CO-SPONSORS:

Advocacy Committee for Women’s Concerns (ACWC)
ACLU of Southern California (ACLU/SC)
Anti-Defamation League (ADL)
Black Women for Wellness (BWW)
California Coalition for Reproductive Freedom (CCRF)
California Latinas for Reproductive Justice (CLRJ)
California Women’s Law Center (CWLC)
City of West Hollywood
City of West Hollywood Women’s Advisory Board
Feminist Majority Foundation
IKAR
Lenore Wax
LA for Choice
NARAL Pro-Choice California
National Organization for Women, California (California NOW)
National Organization for Women, Hollywood (Hollywood NOW)
National Council of Jewish Women, Los Angeles (NCJW | LA)
National Health Law Program (NHeLP)
Planned Parenthood Los Angeles (PPLA)
Planned Parenthood Los Angeles Young Professionals (PPLA YP)
Religious Coalition for Reproductive Choice (RCRC)
Temple Isaiah
Temple Israel of Hollywood
Woman’s Perspective Organization
Women’s Reproductive Rights Assistance Project (WRRAP)





Signing on Educators to Teach Literature for Life Stories in 2018

Illustration by Jimi Martinez for "In Transit."

Illustration by Jimi Martinez for “In Transit.”

Literature for Life is an online literary journal and resource for high school educators featuring contemporary stories, poetry, essays, articles, and art primarily by local authors and artists. We write original curriculum to accompany each piece. Our curriculum is hands on and teaches critical thinking and writing skills. We invite high school educators to teach Literature for Life material, and will arrange for our authors and artists to guest speak in classrooms. If you’re interested in participating, email me at rozhelfand@gmail.com.

Read Literature for Life stories, poems, and articles HERE.





The Tomorrow Prize and The Roswell Award for Short Science Fiction – Submissions are Open

Actor Jasika Nicole  reads at The Tomorrow Prize 2017 - photo by Rosalind Helfand

Actor Jasika Nicole reads at The Tomorrow Prize 2017 – photo by Rosalind Helfand

Light Bringer Project and Sci-Fest L.A. present The Tomorrow Prize and The Roswell Award, two science fiction writing competitions designed to identify and nurture the up-and-coming science fiction writing talent of Los Angeles and worldwide. I am once again directing these competitions. Submissions for The Roswell Award close on January 29, 2018 and submissions for The Tomorrow Prize close on February 26, 2018.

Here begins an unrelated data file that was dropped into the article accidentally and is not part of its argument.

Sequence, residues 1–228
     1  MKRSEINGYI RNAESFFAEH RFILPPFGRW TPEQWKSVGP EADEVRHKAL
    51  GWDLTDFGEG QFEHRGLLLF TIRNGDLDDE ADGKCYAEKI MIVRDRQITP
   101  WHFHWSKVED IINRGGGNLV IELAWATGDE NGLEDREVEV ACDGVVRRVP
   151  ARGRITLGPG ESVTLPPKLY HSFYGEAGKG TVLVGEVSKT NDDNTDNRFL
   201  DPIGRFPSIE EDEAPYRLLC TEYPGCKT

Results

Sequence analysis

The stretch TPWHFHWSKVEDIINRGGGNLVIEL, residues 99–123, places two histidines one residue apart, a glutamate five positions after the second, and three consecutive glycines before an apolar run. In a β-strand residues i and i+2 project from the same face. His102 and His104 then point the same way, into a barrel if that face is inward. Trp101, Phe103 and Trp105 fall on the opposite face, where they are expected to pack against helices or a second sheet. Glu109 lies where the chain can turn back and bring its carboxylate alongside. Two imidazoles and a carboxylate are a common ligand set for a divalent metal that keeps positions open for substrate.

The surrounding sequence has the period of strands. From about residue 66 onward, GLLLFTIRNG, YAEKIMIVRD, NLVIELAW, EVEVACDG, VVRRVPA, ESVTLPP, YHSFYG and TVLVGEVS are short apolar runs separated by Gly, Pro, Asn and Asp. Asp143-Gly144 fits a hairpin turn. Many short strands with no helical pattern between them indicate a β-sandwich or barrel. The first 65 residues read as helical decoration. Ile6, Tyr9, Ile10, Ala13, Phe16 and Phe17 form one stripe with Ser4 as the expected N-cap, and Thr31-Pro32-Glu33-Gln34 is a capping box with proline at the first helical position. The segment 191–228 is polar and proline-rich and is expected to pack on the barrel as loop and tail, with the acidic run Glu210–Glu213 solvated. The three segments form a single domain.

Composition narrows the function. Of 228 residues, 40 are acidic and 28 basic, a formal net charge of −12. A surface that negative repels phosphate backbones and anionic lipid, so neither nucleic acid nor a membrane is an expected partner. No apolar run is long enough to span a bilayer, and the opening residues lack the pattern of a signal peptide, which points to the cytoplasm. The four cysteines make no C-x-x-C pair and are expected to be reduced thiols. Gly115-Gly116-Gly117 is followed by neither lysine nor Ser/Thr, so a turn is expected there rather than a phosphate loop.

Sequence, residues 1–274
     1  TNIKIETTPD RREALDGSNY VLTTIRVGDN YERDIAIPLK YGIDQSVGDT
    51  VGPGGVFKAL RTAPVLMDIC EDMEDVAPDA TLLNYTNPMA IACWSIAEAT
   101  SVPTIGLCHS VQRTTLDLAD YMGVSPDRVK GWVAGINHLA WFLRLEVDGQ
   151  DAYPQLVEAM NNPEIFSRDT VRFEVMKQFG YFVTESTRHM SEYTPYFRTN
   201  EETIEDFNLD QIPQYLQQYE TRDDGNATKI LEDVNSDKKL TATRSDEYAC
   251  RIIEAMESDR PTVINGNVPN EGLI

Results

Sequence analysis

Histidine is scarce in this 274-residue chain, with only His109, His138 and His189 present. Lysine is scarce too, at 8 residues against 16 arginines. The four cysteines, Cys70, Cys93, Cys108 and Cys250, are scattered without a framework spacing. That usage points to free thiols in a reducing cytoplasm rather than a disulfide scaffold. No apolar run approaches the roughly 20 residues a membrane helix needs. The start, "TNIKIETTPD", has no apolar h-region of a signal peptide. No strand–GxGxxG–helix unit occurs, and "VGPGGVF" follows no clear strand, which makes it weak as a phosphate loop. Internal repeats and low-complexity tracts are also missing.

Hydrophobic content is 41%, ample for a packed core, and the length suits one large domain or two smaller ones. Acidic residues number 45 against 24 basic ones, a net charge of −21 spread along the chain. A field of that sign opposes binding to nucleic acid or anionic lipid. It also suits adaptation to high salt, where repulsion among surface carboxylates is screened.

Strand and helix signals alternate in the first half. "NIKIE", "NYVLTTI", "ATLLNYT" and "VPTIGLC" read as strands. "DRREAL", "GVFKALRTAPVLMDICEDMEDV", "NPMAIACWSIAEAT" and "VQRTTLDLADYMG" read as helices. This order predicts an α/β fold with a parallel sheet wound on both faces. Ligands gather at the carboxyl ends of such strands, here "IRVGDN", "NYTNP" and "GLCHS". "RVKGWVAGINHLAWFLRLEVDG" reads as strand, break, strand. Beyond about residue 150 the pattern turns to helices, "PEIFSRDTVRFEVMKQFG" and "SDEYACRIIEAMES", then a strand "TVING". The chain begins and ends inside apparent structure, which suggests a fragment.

Science fiction is a uniquely inspiring medium that has enabled many of our great thinkers and scientists to imagine the heights and limits of human achievement, leading to important moral and ethical debate, long range planning for humanity, and scientific innovation. Writers are encouraged to explore scientific, social, technological, environmental, and philosophical themes in their writing and always, at the core, to master the art of great storytelling. Dramatic readings by celebrity guests and awards presentations for The Tomorrow Prize and The Roswell Award 2018 will take place at LitFest Pasadena the weekend of May 19-20, 2018.

To learn more, submit work, or become a sponsor go HERE.




Gearing Up for the Third Annual Citizen Science for Conservation in Southern California Symposium (CSCSCS) on March 24, 2018

Great Egret at El Dorado Nature Center in Long Beach, CA - photo by Rosalind Helfand

Great Egret at El Dorado Nature Center in Long Beach, CA – photo by Rosalind Helfand

The Citizen Science for Conservation in Southern California Symposium is accepting applications to present. The symposium is an excellent opportunity for scientists and volunteers to come together to share information and connect for ongoing conservation efforts. Last year, I had the honor of presenting on Citizen Science as Community Service, and I look forward to once again gathering a group of high school students to volunteer for the symposium. Through citizen science, students learn biodiversity and conservation principles in a setting that is social and supportive while still demanding rigor and attention to detail. Students will interact with scientists who are on the cutting edge of conservation work in the urban environment.

To learn more about the symposium, register and apply to present, go HERE.